Our Spring 2009 issue is showing up in mailboxes around the country this week, and the entirety of the issue is available on our website, with about a third of it available to non-subscribers. The theme is “The End of Ice,” with our contributors reporting from around the globe about how climate change is affecting the coldest parts of the world. Some of the works on this topic include:
- Jason Anthony writes about “living at the bitter end of civilization” in Antarctica, describing what it was like to live in remote camps on the continent for a decade.
- The Snow Star—a glacier in the Andes—is fast melting, and the Quechua believe that when the glaciers melt, the world will end. Carolyn Kormann joins thousands of Peruvians for their annual religious festival honoring “El Señor de Qoyllur Rit’i,” the God of the Snow Star, whom they believe lives in the glacier.
- Ted Conover joins Zanskar villagers to walk the forty-mile chaddar—ice road—that is their only route to civilization for much of the year. Each year the ice freezes later and melts earlier, and the danger becomes greater.
- Tipper Gore photographs Bishop Glacier in British Columbia, which is, like most glaciers, collapsing rapidly. “If you happen to be there at just the right time, you can see global warming exacting its toll right before your eyes.”
- Can we engineer a solution to the climate crisis? Some climate researchers are advocating the dispersal of sulfate directly into the stratosphere to cool the earth, like a volcanic eruption does. Pat Joseph talks to the folks involved in this debate to see if it’s a good idea. (Spoiler: No.)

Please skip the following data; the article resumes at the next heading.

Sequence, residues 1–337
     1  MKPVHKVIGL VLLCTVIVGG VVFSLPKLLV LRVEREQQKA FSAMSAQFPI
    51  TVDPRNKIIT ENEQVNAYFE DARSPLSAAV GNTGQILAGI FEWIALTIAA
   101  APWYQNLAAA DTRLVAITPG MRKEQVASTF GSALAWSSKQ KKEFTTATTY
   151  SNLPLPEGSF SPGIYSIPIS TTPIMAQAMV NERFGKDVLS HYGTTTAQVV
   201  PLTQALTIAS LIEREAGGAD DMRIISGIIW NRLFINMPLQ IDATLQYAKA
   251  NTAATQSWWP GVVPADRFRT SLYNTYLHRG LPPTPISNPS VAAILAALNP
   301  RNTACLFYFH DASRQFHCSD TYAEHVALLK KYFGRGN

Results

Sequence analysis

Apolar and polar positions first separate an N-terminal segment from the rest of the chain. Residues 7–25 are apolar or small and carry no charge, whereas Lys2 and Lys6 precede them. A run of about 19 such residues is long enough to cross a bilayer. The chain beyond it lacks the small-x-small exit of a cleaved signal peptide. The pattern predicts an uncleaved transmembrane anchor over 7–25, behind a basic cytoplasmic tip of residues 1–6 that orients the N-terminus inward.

- Paul Reyes joins iceberg hunters in Newfoundland, who fire solid slugs from shotguns to slough off huge chunks, which they sell to a a liquor company who makes “the purest vodka on the planet.”
We also have Eric Wilson on collectors of film prints, Dimiter Kenarov on the capture of a Macedonian serial killer, William Finnegan on Mi’kmaq blueberry rakers in Maine, Lawrence Weschler on Trevor and Ryan Oakes’ radical breakthroughs in the rendering of three-dimensional space in art, and the fourth installment of Chris Ware’s “Jordan W. Lint,” his serialized pictorial fiction.
On the fiction front, we’ve got Jessica Francis Kane’s “The Inquiry,” her story of a WWII-era London air raid drill gone wrong, and Kent Nelson’s “The Spirit Bird,” about birdwatching in coastal Alaska.
There’s lots of poetry in this issue. David Baker, Elizabeth Bradfield, Rita Dove, Eamon Grennan, Jim Harrison, Walter Jost, Sara Pennington, Kevin Prufer, R.T. Smith, Stefi Weisburd, and Anna Pierson Wiese all contribute work, with several poems along the theme of the issue.
We’ve got a pair of book reviews, one from Oscar Villalon on What Blood Won’t Tell: A History of Race on Trial in America, and the other from Blake Bailey on Flannery: A Life of Flannery O’Connor, plus the usual array of shorter book notes.
For this issue we’ve created a few online features, and two are available now. Andrew Shelden has put together a history of VQR’s relationship with H.L. Mencken, to provide the context for our publication of “The South Astir” in our Winter 1935 issue. And Andrew Shelden and Jon Schneider put together a history of our relationship with Katherine Anne Porter, who was a regular contributor to the publication in the mid 1930s. She was particularly insistent that we publish “The Grave” in our tenth anniversary issue, since it focused on “Southern letters.”